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•Size: Body length of mature female 15-26 mm; male 7-13 mm. •Color: Overall a mottled brown or gray with black markings. Rear end of abdomen has multiple black ‘W-shaped’ stripes. One color morph has a white band around the entire outside of the body (not to be confused with adult males of other species of Dolomedes). Legs banded in brown, black, and gray. •Eyes: Eye arrangement typical for nursery web spiders in the family Pisauridae. Total of eight eyes. •Legs: Legs quite long, very long in males in proportion to body size. Long, black spines are visible when closely examined. Mature individuals are very large, “sprawling” spiders. •Body: Cephalothorax and abdomen of about equal size. Robust spiders. Abdomen rounded in the front, widest in the middle, and tapered towards the rear.
Range Found in the eastern U.S. and adjacent southeastern Canada (southern Manitoba to Nova Scotia, south to Texas and Florida). Habitat This is a spider of deciduous forests. Despite the moniker of “fishing spider,” this particular species is frequently found far from water. Look for the spiders waiting motionless in ambush on tree trunks, fenceposts, walls, and other vertical surfaces, mostly at night. The spiders dash into tree holes, under bark, and into crevices when startled.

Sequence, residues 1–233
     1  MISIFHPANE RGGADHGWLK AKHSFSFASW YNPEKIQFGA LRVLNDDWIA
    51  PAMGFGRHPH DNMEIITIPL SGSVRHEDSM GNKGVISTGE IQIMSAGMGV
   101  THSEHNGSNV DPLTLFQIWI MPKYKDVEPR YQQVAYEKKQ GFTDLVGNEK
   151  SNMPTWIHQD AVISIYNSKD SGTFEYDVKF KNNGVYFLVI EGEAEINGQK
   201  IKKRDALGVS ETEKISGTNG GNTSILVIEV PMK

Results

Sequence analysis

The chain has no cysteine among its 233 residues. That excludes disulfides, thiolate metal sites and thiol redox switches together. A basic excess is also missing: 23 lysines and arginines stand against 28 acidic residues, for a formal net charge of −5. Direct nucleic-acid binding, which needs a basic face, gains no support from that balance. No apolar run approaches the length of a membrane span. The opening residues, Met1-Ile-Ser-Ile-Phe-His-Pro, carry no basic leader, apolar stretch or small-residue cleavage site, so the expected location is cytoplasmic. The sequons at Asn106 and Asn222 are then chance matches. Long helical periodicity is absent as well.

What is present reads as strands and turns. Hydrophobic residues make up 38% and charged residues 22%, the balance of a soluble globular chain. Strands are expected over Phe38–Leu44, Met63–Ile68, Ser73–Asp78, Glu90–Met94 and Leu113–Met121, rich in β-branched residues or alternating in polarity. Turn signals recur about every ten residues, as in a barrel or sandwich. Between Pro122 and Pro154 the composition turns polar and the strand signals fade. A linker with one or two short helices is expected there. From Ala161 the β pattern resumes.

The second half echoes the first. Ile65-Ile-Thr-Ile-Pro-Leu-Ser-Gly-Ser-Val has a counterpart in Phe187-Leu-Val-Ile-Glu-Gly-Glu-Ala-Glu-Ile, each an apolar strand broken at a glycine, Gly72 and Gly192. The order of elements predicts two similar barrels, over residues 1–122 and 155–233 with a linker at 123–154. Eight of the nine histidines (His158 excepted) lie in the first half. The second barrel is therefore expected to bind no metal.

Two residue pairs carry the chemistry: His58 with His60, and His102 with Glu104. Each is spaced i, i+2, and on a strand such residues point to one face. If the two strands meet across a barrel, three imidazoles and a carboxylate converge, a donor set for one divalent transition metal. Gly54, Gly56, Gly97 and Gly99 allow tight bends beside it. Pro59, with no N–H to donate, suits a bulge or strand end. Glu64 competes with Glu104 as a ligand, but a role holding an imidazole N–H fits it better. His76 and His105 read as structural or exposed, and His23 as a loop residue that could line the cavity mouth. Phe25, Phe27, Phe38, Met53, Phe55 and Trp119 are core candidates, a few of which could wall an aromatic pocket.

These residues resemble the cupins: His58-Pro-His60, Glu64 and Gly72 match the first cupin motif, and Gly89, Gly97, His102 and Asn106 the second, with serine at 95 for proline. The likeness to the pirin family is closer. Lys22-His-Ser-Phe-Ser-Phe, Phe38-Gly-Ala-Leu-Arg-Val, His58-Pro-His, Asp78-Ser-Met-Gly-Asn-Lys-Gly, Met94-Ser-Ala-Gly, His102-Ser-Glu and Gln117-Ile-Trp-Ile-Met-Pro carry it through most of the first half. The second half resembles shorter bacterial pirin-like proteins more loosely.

Spotted in the hole of a tree about eye-level beside the trail to Blue Hole and High Shoals Falls in the Cohutta National Forest, Hiawassee, GA Spider was straddling a the insert of a shoe or flip flop bottom that would have fit a very large man's foot. (I don't know how it got there - my husband and I joked that the spider was so big it probably ate the man who was wearing it.